Researchers have linked reduced action of an inhibitory neurotransmitter, GABA, to behavioral measures in individuals with autism. They are also examining binocular rivalry dynamics in children with autism and the potential of this phenomenon to serve as an early diagnostic marker. While these two key features of autism are well-known, the cause of this brain development disorder remains elusive.
The Harvard team recruited autistic people and a control group and tested their GABA channels, and, sure enough, when tested, the autistic group had a breakdown in how their GABA channels functioned.
The study appears in a December 17 paper in the journal Current Biology.
To find evidence for the theory, Ms. Robertson and colleagues used a visual test known as the binocular rivalry test, for which people with autism consistently have different results to those without the condition. Similarly, this may be a symptom of autism, not a cause; more testing will need to be done, and work on restoring GABA channels is in its infancy at best.
"Autism is often described as a disorder in which all the sensory input comes flooding in at once, so the idea that an inhibitory neurotransmitter was important fit with the clinical observations", Robertson said.
"Our findings show that those afflicted with autism have unstable blood vessels, disrupting proper delivery of blood to the brain", says lead researcher, Efrain Azmitia.
"Individuals with autism are known to have detail-oriented visual perception - exhibiting remarkable attention to small details in the sensory environment and difficulty filtering out or suppressing irrelevant sensory information", Robertson said in a press release.
The 21 autistic subjects underwent trials called "binocular rivalry" - experiments which essentially show different pictures for each eye.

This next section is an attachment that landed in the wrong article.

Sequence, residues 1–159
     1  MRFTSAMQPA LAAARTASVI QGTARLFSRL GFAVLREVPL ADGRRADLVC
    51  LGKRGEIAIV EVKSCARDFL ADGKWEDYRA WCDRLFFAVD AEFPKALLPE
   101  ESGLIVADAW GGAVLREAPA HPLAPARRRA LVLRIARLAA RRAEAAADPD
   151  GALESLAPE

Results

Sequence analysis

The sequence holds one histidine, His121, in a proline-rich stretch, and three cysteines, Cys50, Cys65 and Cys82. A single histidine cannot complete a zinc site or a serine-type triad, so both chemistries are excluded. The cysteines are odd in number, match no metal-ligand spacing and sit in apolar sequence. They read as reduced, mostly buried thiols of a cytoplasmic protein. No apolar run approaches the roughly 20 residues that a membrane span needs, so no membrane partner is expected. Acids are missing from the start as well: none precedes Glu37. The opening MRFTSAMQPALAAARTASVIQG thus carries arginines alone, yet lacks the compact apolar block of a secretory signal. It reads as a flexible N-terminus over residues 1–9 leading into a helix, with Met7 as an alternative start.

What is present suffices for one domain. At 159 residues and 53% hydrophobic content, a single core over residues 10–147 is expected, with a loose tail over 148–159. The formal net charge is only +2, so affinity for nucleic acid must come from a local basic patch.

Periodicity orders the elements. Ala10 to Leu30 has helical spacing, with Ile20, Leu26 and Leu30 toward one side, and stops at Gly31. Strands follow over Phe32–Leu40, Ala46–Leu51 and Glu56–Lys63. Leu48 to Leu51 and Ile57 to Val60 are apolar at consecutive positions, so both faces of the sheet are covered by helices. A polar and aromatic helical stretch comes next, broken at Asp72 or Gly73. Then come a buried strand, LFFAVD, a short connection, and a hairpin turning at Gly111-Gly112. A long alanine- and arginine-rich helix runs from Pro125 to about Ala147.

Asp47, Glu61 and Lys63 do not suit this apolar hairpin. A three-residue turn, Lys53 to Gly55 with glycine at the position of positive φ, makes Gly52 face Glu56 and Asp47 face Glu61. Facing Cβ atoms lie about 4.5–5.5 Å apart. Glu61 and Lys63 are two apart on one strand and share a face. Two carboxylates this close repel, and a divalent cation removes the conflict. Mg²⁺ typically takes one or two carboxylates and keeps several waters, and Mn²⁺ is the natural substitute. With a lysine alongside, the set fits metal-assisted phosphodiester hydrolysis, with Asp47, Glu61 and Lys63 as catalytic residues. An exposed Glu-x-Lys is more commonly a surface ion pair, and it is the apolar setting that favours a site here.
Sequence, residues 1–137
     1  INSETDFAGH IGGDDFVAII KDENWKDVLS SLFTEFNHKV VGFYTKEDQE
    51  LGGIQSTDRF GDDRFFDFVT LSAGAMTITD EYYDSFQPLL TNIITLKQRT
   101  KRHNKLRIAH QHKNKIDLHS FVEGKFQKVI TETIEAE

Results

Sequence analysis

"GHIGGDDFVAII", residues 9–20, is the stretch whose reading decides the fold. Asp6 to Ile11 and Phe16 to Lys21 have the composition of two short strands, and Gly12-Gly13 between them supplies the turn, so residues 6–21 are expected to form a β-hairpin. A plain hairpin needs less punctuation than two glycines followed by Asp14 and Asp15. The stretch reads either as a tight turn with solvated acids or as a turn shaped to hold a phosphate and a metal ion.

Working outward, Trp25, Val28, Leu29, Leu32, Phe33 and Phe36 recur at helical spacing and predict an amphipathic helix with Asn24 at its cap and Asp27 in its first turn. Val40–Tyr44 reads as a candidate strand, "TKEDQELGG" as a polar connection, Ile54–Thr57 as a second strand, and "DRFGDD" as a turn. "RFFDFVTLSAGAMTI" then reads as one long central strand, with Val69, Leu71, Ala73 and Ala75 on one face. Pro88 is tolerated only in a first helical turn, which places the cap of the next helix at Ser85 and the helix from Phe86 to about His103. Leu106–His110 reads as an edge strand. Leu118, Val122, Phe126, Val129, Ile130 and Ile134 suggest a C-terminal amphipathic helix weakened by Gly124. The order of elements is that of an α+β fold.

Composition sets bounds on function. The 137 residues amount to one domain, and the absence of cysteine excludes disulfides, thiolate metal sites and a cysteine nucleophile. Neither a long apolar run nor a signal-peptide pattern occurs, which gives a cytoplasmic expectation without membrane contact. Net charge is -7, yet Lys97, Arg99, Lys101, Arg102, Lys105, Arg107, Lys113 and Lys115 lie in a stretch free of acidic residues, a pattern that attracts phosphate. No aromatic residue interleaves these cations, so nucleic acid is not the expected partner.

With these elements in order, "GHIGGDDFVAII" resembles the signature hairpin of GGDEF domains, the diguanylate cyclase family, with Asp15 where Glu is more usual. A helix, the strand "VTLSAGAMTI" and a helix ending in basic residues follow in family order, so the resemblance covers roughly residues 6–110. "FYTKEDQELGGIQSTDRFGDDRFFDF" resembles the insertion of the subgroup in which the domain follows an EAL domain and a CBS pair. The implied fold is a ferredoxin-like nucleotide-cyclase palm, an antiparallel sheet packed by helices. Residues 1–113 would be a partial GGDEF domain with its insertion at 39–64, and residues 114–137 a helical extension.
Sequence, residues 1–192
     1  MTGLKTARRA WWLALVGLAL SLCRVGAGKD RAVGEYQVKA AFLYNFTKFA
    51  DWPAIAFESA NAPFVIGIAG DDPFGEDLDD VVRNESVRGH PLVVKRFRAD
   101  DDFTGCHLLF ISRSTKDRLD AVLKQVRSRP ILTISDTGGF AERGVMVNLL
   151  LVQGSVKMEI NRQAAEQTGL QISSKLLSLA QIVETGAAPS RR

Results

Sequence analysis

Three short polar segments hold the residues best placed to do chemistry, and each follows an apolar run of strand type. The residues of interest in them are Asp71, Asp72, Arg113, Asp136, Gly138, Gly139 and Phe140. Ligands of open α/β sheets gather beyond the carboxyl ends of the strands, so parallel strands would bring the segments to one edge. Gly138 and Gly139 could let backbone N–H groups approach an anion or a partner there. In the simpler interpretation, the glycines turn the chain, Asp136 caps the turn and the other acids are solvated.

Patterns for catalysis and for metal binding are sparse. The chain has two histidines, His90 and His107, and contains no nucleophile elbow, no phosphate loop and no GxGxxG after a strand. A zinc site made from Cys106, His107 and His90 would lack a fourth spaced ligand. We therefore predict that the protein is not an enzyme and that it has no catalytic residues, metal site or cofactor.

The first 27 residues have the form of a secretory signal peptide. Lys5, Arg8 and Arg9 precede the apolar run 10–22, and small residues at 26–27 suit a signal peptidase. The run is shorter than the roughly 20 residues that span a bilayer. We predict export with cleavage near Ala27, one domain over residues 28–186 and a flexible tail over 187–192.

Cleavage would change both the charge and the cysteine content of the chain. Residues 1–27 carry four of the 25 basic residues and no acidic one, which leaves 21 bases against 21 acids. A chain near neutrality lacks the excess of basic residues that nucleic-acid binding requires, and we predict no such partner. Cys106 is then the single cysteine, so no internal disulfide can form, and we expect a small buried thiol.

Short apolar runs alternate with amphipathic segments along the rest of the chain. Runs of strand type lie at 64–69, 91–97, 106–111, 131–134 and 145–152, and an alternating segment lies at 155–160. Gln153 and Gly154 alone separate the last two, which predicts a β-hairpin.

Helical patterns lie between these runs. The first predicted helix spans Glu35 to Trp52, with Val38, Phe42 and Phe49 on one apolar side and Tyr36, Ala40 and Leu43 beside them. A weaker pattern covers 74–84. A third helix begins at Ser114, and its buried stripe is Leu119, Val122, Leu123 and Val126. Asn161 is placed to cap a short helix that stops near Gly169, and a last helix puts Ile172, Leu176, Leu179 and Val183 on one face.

"It's clear that there are changes in brain vascularization in autistic individuals from two to 20 years that are not seen in normally developing individuals past the age of two years", concludes Azmitia. However, an autistic person can take twice as long to "rock" between the two images. "They spend the same amount of time in the steady state - where they see only one image - as the average person, it just takes them longer to switch between them, and the second image is not as deeply suppressed".
In earlier studies, Robertson and colleagues showed that while the same process does occur in the autistic brain, the process of oscillating between images can take significantly longer.
She said: 'It's not that there's no GABA in the brain... it's that there's some step along that pathway that's broken'.
"I'm excited about this study, but there are many other molecules in the brain, and many of them may be associated with autism in some form", Robertson said.
The lead author of a new study connected to this research goes on to explains that the role of GABA is as a signal inhibitor, preventing brain cells from operating as response to external stimuli.
Kallista Images/Getty Images An illustration of the human brain, which Autism Speaks has used as a logo.